Curt Dean, REALTOR®
602-316-6790 mobile

Buying a new home is extremely exciting and also a bit daunting! The process can vary widely from builder to builder, with some offering very little in the way of personal choices or “options” as they are frequently referred to, and others offering a wide variety. If you make wise choices, and shop the market, you can end up with your dream home!

I often get asked the question “Why should I use a realtor when buying a new home?” And the answer is simple, “Why wouldn’t you want someone who has been through the process many times to be your guide?” Let me explain a bit:

First, I have built no less than seven new homes for myself. I have also represented dozens of buyers purchasing new homes. As such, I am very familiar with many of the builders in Phoenix, their strengths and weaknesses, and their quality of build. Experience counts!

Second, who does the sales rep work for? The builder! I would love to say that everyone is honest, but the fact is they aren’t. At the end of the day, the builder is selling you home to make money, and while I will readily admit some builders have excellent quality control, if something doesn’t go right, you need someone who is willing to battle for you, which I will do as if it were my own home! A quick story: on the second home I built with a builder who still builds in the valley, and is reputable, we had what is known as a frame walk. At the frame walk, there was a wall niche that had a very obvious slope where it should have been level. The builder rep swore it was level. I walked to my car, pulled out a level, and showed him it was indeed not level. I am convinced this home would have been built with this sloping niche had we not intervened. This is a small item, easily corrected, but easier done during the construction process than after. The point of this, the builder in many cases will stubbornly protect their best interests over yours.

Third, as someone who works with new home builders frequently, I often visit with the sales reps and managers to find out what incentives they currently offer. For example, I recently worked with a buyer for a small townhouse. She had prequalified for a loan from a mortgage broker. However, as I pointed out to her, using the mortgage company supporting the builder meant 4% towards closing costs for her. A quick check of rates showed that while the builders mortgage was a 1/4 point higher in rate, it was more than beneficial for her to work with the builders mortgage provider. Additionally, we were able to show them the rate offered by the other company, and they were able to match it. It pays to have someone who does this frequently support you and ask questions you may not know or forget to ask.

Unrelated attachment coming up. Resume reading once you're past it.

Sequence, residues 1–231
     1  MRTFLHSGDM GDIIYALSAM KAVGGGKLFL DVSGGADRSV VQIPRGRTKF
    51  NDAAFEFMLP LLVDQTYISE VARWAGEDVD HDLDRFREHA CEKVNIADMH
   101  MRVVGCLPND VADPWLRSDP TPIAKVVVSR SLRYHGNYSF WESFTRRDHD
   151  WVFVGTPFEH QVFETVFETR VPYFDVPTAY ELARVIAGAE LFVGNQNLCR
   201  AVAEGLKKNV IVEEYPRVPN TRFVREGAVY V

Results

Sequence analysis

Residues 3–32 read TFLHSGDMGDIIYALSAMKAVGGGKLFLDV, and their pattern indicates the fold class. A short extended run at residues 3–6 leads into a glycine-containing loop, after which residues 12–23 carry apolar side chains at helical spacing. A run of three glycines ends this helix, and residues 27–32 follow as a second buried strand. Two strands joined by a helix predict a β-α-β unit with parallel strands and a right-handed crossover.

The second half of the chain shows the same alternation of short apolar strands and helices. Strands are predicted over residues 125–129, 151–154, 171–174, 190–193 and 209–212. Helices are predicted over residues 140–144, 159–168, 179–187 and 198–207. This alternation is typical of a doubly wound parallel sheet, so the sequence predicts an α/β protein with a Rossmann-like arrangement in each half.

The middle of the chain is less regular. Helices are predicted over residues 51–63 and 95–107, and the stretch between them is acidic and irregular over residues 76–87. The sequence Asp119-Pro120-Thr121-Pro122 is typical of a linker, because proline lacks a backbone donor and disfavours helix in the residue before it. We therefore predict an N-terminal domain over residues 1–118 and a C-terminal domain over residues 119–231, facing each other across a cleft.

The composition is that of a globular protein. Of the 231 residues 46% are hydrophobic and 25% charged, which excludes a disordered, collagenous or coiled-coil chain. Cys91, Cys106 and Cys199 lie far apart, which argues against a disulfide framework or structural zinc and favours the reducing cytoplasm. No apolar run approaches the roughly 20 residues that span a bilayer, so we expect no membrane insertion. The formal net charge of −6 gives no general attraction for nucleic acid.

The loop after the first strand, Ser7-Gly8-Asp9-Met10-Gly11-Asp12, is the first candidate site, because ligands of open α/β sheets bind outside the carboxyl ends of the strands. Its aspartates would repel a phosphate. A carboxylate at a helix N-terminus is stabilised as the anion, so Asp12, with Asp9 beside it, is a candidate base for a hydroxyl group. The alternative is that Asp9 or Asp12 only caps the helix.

Fourth, upgrades and options! Another story from a recent deal: when asked about why a builder does not offer a particular wood floor as an option, the sales rep said that it was about $20,000 to add that flooring, and that they don’t offer it as a result. Okay, I rehab homes from time to time. I know what $20,000 gets you in flooring, and that was about $4,000 in flooring. The sales re was simply throwing up a number he had heard to make it seem out of reach. Options from the builder are often priced so far above market level it is ridiculous. While others may make complete sense. As a consumer, you must weigh your objectives versus your wallet versus what is offered to make the best choice. I can help you to understand what market rates for flooring, cabinets and upgrades might be so you may wisely choose what you want to add through the builder, and those you may want to add after closing. Some of the best buys I see are using the builder to do a basic home, and then adding on top grade flooring and designer choices after. However, if you are moving into the home on day one, this might be an issue, living through construction. The point is, we should discuss and understand the best course to get you to the finished product you want.

Fifth, what does my representation cost you? Nothing! I am paid by the builder. Contractually, I have a fiduciary responsibility to you, the buyer, not the seller. I MUST act in your best interest regardless of who pays me!

Bottom line: The only time I would advise you to NOT use an agent is if you are an experienced consumer, and the builder is providing you a 3% rebate on the cost of the home to not use an agent, which does not happen very often.